The number of paperwork and computer mistakes by the State Disability Insurance (SDI) program is skyrocketing, leaving some people cheated out of benefits and others overpaid, according to the Chronicle. A convoluted claims system invites further abuse, the newspaper says.
The news is even more troubling because it comes as SDI prepares for a demanding new job: managing California's paid family-leave law. That program, scheduled to begin July 2004, will allow employees paid time off to care for sick relatives, spouses or domestic partners, or to bond with a new baby.
Currently, SDI helps pregnant women who must take time off work, the injured, and those struggling with mental illness or drug and alcohol addictions. They can get up to $602 a week to compensate for lost wages.
The Chronicle reports the following, based on internal department audits it obtained and interviews with SDI employees:
- From 1999 to 2001, the program overpaid between $124 million and $200.7 million to "injured" people who may not have deserved the money.
- As much as $191.9 million in benefits were denied or delayed because of departmental processing errors. Employees made errors on nearly 40 percent of all claims they processed, up from 12 percent in 1997.
- The program routinely wastes money because two state-run insurance programs -- SDI and the workers' compensation system - fight over returning erroneous payments. Since 1998, more than $530 million has been returned to SDI from workers' compensation because of this problem, with an unknown amount left behind in the process.
SDI officials tell the Chronicle that they've recently instituted reforms to deal with the steep spike in errors. But they say the actual loss to taxpayers is only about 3 percent of the $2.7 billion in benefits paid in 2001 alone and contend the audits themselves wildly exaggerate the problems.
"These audits look very scary, but they're not," says Deputy Director LaVera Gaston, adding later: "I'm very concerned about the errors, and we're taking every step possible to reduce them and eliminate them."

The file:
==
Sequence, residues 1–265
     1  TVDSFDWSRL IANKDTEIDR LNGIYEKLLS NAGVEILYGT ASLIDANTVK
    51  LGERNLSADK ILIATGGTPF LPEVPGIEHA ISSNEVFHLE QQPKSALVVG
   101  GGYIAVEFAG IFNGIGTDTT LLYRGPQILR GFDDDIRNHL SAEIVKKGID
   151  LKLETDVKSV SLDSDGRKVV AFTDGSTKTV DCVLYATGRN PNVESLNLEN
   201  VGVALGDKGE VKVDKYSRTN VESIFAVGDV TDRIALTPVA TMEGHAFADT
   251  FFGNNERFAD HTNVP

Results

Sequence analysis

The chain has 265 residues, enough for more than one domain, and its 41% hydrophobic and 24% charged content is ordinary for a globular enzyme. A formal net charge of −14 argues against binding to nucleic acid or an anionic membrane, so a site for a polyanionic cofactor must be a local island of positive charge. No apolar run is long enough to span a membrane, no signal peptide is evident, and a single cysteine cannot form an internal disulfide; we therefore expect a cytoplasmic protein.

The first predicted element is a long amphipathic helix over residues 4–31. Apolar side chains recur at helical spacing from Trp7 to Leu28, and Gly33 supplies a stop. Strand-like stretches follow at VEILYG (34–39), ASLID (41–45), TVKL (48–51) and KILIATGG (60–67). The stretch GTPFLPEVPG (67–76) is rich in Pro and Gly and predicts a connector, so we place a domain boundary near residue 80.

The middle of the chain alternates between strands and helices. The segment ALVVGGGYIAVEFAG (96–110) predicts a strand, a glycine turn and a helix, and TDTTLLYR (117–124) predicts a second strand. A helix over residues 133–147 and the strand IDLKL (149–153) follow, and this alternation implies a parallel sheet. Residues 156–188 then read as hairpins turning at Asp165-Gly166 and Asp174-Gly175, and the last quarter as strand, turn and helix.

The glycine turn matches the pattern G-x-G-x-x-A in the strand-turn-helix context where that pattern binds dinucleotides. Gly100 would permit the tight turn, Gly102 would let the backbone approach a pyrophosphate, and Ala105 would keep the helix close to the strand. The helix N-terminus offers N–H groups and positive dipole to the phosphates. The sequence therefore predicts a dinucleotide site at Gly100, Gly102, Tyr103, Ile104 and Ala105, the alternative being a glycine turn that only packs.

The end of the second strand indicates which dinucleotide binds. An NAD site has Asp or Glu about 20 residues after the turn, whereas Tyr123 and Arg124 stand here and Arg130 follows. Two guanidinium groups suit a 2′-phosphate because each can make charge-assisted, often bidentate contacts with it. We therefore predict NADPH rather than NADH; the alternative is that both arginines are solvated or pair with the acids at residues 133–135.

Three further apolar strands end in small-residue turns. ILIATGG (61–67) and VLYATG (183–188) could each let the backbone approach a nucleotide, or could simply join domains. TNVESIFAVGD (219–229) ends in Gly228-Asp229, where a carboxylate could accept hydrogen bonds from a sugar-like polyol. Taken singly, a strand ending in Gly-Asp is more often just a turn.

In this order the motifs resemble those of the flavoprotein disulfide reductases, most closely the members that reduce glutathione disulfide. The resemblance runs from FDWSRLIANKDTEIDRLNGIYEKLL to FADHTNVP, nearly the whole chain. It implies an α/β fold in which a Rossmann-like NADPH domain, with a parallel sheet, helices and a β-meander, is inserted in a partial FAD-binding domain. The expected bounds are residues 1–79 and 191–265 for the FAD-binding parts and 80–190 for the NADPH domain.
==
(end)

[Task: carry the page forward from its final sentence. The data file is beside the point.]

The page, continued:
Yet some unionized SDI employees complain that they've been overloaded with work and that management is ignoring their concerns. They blame the errors on a rushed training program and the additional workload.
"It's not a very happy place," says James Soto, a claims examiner with the department's Santa Ana field office. "The workload here in my office is way out of hand. We have far more work than we can humanly get done in an eight- hour day."
Officials acknowledge that employees are doing more work as the department balances out the workload among field offices. Gaston says some employees who "were sitting back all day with nothing much to do" must now process a dozen or more SDI applications daily, rather than the average of four or five.
"It's those people who are complaining the loudest," Gaston says. "We are saying, 'We can't tolerate this anymore. It's a new administration, and you have to start producing at a higher level.'"
investigation by the San Francisco Chronicle reveals that California's state-run insurance program for pregnant women and injured workers wastes tens of millions of dollars a year.